In a New York Times story today about the dramatic expansion of online higher education venture Coursera, co-founder Daphne Koller is quoted as saying that the year-old company is not planning to offer degrees. But the more I read about Coursera and other outfits that offer free massive open online courses or MOOCs, the more I wonder whether we may be witnessing the beginning of a fundamental revolution in higher education.
Could high-quality MOOCs eventually do to traditional colleges and universities what Craigslist has done to classified advertising in newspapers and what Wikipedia has done to encyclopedias? In other words, could Coursera and its ilk replace a $250,000 college degree and decimate the world of brick-and-mortar colleges and universities? Coursera doesn’t even have any plans to give degrees yet, or any revenue model. But along with Coursera, there are several other big, prestigious players who have launched successful, high-quality online courses, including edX, a joint venture of Harvard and the Massachusetts Institute of Technology and Udacity, founded by Sebastian Thrun of Stanford. What might all this mean 10 or 20 years from now?
Until now, most MOOCs have offered only computer science, math and engineering courses. But with its announcement that it will be working with a dozen major research universities, including Duke, Johns Hopkins and University of Edinburgh in Scotland, Coursera is now planning 100 or more courses starting this fall, in subjects as diverse as medicine, poetry and world history since 1300. Participation by EPF Lausanne, a technical university in Switzerland, means some of the courses will be held in French, opening a door to vast numbers of French speakers in Africa.
One of the appeals for professors: they can instruct hundreds of thousands of students all at once, instead of just a few hundred per semester. “I normally teach 400 students,” Coursera co-founder Andrew Ng told the New York Times’ Thomas Friedman in May. Ng recently taught a class online that had 100,000 students. To reach that number of students, says Ng, “I would have had to teach my normal Stanford class for 250 years.”
What’s most striking about today’s announcement is that Coursera has revealed no plans about how it will take in revenues. Though both Coursera and the universities will incur costs for producing the online courses, as it works now, money does not change hands between the parties. At this point, Coursera has some $22 million in financing, including $3.7 million from California Institute of Technology and the University of Pennsylvania.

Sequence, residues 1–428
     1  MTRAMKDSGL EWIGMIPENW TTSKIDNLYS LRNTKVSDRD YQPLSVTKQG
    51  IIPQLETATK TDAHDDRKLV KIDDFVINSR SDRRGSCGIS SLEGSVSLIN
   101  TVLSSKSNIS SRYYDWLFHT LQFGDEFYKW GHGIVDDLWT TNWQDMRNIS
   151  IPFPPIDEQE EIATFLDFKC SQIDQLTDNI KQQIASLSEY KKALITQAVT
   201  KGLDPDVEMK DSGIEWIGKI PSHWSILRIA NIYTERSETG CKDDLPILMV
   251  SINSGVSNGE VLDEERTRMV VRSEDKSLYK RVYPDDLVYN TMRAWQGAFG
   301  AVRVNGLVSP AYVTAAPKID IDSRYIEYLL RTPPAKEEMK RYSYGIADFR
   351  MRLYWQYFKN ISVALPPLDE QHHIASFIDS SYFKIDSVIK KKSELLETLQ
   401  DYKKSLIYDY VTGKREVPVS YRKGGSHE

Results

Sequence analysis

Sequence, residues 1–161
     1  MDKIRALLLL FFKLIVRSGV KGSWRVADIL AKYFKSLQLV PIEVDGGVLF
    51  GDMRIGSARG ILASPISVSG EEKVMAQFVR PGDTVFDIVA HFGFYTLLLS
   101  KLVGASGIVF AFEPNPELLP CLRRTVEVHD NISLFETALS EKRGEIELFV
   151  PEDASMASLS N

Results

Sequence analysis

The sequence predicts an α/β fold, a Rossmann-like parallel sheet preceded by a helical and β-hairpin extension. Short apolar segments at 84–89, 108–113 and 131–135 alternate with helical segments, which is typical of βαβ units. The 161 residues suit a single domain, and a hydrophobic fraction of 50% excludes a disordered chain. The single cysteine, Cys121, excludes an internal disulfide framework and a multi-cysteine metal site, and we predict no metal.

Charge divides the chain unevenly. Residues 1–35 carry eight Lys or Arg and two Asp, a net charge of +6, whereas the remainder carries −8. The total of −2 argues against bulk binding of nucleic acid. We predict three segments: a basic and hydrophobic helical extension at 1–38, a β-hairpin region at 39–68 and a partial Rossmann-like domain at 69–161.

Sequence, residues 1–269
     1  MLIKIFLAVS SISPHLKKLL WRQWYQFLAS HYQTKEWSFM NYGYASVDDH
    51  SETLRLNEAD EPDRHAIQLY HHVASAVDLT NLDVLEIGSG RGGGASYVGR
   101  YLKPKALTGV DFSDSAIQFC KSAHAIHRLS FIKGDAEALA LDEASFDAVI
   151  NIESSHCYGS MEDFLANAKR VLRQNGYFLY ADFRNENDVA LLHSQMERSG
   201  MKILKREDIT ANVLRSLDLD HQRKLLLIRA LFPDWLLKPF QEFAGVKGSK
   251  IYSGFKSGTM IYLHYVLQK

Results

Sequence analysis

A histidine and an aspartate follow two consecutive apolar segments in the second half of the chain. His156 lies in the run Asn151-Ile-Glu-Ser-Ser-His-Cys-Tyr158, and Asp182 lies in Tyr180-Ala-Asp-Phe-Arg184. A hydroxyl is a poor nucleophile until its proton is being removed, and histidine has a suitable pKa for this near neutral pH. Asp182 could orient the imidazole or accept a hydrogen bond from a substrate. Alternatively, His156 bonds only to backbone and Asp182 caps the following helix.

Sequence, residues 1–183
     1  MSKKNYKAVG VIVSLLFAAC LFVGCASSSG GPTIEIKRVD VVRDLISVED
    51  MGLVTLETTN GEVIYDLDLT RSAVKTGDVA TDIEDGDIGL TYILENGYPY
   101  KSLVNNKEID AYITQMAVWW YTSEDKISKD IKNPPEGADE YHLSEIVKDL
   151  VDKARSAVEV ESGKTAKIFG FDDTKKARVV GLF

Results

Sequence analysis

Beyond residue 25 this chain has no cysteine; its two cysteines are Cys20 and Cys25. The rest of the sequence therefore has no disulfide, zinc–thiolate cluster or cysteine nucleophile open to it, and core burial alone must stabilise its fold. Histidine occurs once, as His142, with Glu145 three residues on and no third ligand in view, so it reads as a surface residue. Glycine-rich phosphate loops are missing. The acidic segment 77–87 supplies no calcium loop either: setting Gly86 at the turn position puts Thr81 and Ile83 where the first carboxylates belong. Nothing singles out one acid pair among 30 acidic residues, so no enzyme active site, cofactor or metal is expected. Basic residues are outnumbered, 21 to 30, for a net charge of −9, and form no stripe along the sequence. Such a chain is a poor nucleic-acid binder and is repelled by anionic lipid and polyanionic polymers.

According to the Times, this fall the University of Washington will offer credit for its Coursera classes in exchange for a fee, and some extra assignments and work with an instructor. That can only spread.
For Coursera students, the benefit is obvious: Instead of paying ever-expanding tuition fees, they can watch high-quality lectures, and be directed to the same reading materials as their in-class peers. Coursera also promises interactive quizzes and homework help from other online students. Before this latest expansion, Coursera already said it registered 680,000 students in 42 countries with its original partners, Michigan, Stanford, and Penn. The new partnership will expand that student base exponentially.
Suddenly the world of elite higher education is opening up to the masses. Students at lesser colleges may become able to augment their course offerings with top instruction from great professors at prestigious universities. They may gradually learn that they can learn online all they need from top-class professors for a degree as good as that from any school.
If this new way of learning does come to replace the old way, there will be invaluable qualities that it can’t replace, such as the education and maturation process that comes from campus life, from dwelling and studying for four years with other students, aged 18-22, who are also growing and learning. The ties and networks we create at that age tend to be lasting, and they carry us through our adult lives. For students lucky enough to go to elite institutions, there is also a kind of branding that takes place. Potential employers assume that if you’ve made it through the filtering process of admission and coursework, you are a high-quality potential employee or investment. Alumni ties can count for a great deal in hiring and in locating initial investors for a startup venture. Perhaps what we’ll see in the end will be an entirely new beast, an educational world gone digital, but maintaining crucial ties to locality and real community for students. But no one has even begun to look that far into the future.